ASEAN’s chairman issued a statement after the meeting calling “on all parties concerned to seek a peaceful solution, through constructive dialogue, and practical reconciliation in the interests of the people and their livelihood.”
Indonesian Foreign Minister Retno Marsudi was far more direct, calling on the regime to restore the democratically-elected government.
"Restoring democracy back on track must be pursued," Marsudi said.
The United States and other Western nations have also demanded Suu Kyi’s release, as well as that of her lieutenants, and called on the junta to restore power to the civilian government.
The United Nations Security Council is expected to hold a closed door meeting on the situation in Myanmar on Friday.
The military has claimed widespread fraud in last November’s election, won in a landslide by Suu Kyi’s National League for Democracy Party, as justification for last month’s coup. Myanmar’s electoral commission denied the military’s claims of election fraud.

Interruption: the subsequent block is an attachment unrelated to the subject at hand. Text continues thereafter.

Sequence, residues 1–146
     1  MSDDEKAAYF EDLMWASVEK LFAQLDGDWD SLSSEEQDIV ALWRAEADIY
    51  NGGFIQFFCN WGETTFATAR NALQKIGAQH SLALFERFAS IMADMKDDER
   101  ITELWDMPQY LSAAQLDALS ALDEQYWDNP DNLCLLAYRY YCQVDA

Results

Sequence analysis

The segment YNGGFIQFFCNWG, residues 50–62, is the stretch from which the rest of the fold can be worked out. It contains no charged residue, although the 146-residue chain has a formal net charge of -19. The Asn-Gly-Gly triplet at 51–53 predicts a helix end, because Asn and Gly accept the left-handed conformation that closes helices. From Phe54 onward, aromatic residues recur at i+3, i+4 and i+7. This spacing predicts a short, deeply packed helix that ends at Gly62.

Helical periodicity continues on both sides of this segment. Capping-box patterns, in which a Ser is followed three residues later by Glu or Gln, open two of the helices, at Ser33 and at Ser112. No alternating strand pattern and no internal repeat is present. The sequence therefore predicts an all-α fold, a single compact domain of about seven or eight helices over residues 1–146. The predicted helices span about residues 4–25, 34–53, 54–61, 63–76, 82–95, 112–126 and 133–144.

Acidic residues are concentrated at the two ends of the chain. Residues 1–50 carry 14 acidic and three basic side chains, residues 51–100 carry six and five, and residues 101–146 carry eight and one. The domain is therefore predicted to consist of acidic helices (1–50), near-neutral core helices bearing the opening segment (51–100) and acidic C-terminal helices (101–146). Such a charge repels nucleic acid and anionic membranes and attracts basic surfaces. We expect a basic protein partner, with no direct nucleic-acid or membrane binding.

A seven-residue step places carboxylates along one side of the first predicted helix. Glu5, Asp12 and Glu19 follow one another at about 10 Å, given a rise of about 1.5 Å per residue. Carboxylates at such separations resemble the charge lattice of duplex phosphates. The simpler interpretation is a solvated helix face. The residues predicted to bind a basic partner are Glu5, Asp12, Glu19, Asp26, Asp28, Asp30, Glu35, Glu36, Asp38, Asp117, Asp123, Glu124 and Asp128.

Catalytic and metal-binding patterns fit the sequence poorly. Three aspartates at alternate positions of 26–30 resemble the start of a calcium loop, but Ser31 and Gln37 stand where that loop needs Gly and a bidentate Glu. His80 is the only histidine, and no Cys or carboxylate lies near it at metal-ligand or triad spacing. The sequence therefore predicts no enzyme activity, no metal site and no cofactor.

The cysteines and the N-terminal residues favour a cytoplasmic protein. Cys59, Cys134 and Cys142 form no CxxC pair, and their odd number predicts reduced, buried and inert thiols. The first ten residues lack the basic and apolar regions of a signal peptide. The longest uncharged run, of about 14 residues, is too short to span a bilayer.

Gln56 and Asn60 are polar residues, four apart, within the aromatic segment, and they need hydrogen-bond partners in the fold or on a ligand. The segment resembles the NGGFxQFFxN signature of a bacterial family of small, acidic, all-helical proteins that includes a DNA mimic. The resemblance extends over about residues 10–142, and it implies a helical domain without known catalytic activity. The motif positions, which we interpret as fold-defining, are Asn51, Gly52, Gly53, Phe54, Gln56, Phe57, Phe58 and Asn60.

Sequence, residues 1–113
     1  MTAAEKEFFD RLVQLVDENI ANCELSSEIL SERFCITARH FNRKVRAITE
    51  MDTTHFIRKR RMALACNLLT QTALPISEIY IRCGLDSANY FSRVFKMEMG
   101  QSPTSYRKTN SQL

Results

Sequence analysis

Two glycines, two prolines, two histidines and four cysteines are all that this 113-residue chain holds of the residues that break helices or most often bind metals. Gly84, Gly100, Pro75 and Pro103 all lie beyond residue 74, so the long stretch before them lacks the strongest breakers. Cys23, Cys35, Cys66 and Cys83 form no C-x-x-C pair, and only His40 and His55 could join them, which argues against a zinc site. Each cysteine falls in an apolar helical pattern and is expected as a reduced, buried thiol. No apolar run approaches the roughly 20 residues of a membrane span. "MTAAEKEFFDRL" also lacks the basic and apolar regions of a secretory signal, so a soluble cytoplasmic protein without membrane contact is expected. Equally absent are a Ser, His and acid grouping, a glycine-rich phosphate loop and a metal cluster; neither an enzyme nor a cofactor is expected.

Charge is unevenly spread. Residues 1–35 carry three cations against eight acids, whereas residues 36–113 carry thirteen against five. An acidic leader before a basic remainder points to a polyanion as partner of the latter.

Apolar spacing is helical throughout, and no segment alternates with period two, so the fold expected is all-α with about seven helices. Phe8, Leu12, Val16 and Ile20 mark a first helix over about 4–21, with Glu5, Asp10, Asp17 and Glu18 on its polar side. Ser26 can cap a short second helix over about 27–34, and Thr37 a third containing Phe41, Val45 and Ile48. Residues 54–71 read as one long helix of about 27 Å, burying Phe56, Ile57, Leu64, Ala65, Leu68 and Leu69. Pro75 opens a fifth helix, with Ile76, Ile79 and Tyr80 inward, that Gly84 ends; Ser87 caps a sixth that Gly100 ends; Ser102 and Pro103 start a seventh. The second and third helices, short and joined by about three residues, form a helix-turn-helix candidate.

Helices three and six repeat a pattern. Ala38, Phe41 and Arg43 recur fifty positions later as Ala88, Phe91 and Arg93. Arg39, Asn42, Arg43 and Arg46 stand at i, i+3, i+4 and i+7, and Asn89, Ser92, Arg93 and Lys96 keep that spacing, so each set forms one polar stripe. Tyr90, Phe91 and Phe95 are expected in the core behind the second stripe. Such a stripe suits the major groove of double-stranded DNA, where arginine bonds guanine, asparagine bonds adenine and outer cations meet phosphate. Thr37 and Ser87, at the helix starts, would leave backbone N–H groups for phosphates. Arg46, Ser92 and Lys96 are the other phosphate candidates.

Suu Kyi appeared via videoconference at a court in the capital, Naypyitaw, her first public appearance since she was removed from office and detained by the military.
She was charged with two additional crimes during the session — attempting to incite public unrest and violating a section of the telecommunications law regarding operating equipment without a license.
The 75-year-old Nobel Peace Prize laureate was already charged with illegally importing and using six unregistered walkie-talkie radios found during a search of her home, and for breaking the country’s natural disaster law by holding public gatherings in violation of COVID-19 protocols.